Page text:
For some reason I’ve been thinking a lot about death lately. I don’t know why, exactly. Maybe it’s the constant reminders around me that people die each day. It seems that when I attend funerals, they come in clumps. Sometimes I think I just can’t handle going to one more visitation, hugging the family members of the deceased, sitting through another memorial service.
But I go anyway. It’s my way of honoring the person who died, or if I didn’t know the person, of showing my concern for a friend. I often learn things about the person who died and wish I’d known him or her better.
Long ago I was faced with the possibility of my own demise. At age 30, I was diagnosed with an autoimmune disorder. At the time, I felt fear wash over me. I stayed awake nights wondering what would become of my 18-month-old son and my sweet husband. I had a minor faith crisis, asking God why he would let something like this happen to me. Then I thought about all the innocent people killed by war and other circumstances, and the thought “Why not?” occurred to me. My pastor introduced me to a young woman about my age who needed a heart and lung transplant. We chatted a bit at a church picnic. Our discussion was mainly commiseration over circumstances we could not control, but it ended on a hopeful note. She died not long afterward.
Two Sundays ago as our choir was returning to the choir room following the worship service, I commented to someone, “I want that hymn at my funeral.” I was referring to “I’ll Praise My Maker While I’ve Breath.” My comment was met with a strange look, but people have become accustomed to my random thinking, so they probably didn’t give it a second thought.
The next day I sat down and planned the hymns I want at my funeral.
“I’ll Praise My Maker While I’ve Breath”–I like this hymn because of its text (naturally) and its glorious tune.
“I’ll praise my Maker while I’ve breath, and when my soul is lost in death, praise shall employ my nobler powers.
My days of praise shall ne’er be past,
while life, and thought, and being last,
or immortality endures.”
I haven’t been Methodist long enough to remember the rest of the text, only that I resonate with its words (Isaac Watts, 1737; altered by John Wesley, can’t remember the year, though I just checked…John, how dare you edit Isaac? :D).
“I Stand Amazed in the Presence” … of Jesus the Nazarene, and wonder how he could love me, a sinner condemned, unclean. How marvelous, how wonderful, and my song shall ever be, How marvelous, how wonderful is my Savior’s love to me! (st. 4) When with the ransomed in glory his face I at last shall see, ‘Twill be my joy through the ages to sing of his love for me. How marvelous….” (Charles H. Gabriel, 1956-1932)
Blessed Assurance, Jesus Is Mine, oh what a foretaste of glory divine, heir of salvation, purchase of God, born of his Spirit, washed in his blood. This is my story, this is my song, praising my Savior all the day long! This is my story, this is my song, praising my Savior all the day long. (Fanny J. Crosby, 1820-1915)
If a choir is available, I want one (preferably the choir from Belmont UMC, with a few of my Baptist friends thrown in just to make things interesting) to sing at my funeral. Just because I’ve spent so many years warbling (I do mean warbling…my voice is getting weaker and lower the older I get, but I still love to try to sing my love and praise to God.) Some of my favorite choral anthems:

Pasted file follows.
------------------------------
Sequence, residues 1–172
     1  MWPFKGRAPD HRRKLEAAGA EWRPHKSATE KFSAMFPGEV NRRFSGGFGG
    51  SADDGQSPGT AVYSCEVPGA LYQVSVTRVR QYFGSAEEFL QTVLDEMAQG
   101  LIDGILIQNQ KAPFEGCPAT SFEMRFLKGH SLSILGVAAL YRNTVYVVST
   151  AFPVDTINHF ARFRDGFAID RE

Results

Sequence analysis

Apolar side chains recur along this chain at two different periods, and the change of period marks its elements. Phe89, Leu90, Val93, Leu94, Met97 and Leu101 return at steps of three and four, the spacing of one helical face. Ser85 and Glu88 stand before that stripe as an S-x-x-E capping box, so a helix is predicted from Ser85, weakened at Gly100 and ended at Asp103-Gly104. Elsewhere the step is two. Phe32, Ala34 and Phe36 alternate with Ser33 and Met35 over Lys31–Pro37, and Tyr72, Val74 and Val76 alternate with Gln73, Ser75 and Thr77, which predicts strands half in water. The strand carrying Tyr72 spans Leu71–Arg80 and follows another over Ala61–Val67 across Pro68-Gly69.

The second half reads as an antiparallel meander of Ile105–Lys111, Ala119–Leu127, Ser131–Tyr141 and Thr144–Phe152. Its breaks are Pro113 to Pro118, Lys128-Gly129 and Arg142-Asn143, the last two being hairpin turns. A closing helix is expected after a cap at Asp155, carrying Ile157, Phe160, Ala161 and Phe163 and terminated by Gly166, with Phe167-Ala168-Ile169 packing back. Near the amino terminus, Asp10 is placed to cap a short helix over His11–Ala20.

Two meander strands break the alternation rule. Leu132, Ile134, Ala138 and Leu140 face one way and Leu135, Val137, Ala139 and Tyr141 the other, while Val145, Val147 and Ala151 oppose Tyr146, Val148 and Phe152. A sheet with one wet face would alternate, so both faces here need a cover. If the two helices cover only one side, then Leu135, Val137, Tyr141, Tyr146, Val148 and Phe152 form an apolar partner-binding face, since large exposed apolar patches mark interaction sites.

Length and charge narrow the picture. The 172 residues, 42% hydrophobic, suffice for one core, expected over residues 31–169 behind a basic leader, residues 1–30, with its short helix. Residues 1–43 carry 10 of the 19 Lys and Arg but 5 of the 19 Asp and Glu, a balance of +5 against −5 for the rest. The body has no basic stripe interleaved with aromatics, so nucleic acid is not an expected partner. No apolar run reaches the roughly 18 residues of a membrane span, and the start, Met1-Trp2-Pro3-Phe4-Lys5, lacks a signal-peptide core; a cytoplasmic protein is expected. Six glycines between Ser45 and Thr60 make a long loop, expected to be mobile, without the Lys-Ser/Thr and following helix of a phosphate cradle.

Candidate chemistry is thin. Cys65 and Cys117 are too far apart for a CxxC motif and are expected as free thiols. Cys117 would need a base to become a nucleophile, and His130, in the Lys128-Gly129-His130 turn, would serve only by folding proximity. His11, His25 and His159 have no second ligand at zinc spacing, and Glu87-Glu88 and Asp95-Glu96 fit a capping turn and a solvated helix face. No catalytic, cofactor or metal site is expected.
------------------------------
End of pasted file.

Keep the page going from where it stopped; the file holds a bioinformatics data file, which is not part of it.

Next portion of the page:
“The Majesty and Glory of Your Name” by Tom Fettke–This ethereal song captured my imagination the first time I first heard it, and it leads me into worship every time I hear or sing it.
Some Latin arrangement, though I can’t remember one at the moment. I’ve come to appreciate Latin after struggling with it for a while when I first joined our choir. “Jubilate Deo” or “Adoramus Te”…probably the latter. Can’t remember the title, but Gayle Sullivan will know, if she’s still around when I die. She has the discretion to know which alto parts are the most fun to sing.
“Savior, Like a Shepherd Lead Us”–Joseph Martin arrangement
Back to other hymns I’d like sung at my funeral:
“Be Thou My Vision, O Lord of my heart, naught be all else to me save that thou art, thou my best thought, by day or by night, waking or sleeping, thy presence my light. … Riches I heed not nor man’s empty praise, thou mine inheritance now and always, thou and thou only, first in my heart, high King of heaven, my treasure thou art.” (Words: Ancient Irish, translated by Mary E. Byrne, 1880-1931; “versified” by Eleanor H. Hull, 1960-1935)
And we need to work a little Ralph Vaughan Williams in there…“For All the Saints who from their labors rest…”
And while I’m being rolled out the door (wait, I plan to be cremated), I’d want the hymn “God Will Take Care of You” either played or sung. This is a tribute to my grandfather, who sang that hymn over and over…and to my Baptist heritage (words by Civilla D. Martin, 1969-1948; music: W. Stillman Martin, 1862-1935):
Be not dismayed what’er betide, God will take care of you, beneath his wings of love abide, God will take care of you. God will take care of you through all your days, o’er all your ways, [words altered by moi] God will take care of you, God will take care of you.
What uplifting thoughts for a Monday morning! Now I must go and do a good day’s work.